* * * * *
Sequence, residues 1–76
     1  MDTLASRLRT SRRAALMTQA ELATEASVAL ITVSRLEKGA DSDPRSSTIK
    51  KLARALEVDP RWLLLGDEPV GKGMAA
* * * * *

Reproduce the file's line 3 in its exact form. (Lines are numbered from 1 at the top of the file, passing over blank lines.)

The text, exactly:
    51  KLARALEVDP RWLLLGDEPV GKGMAA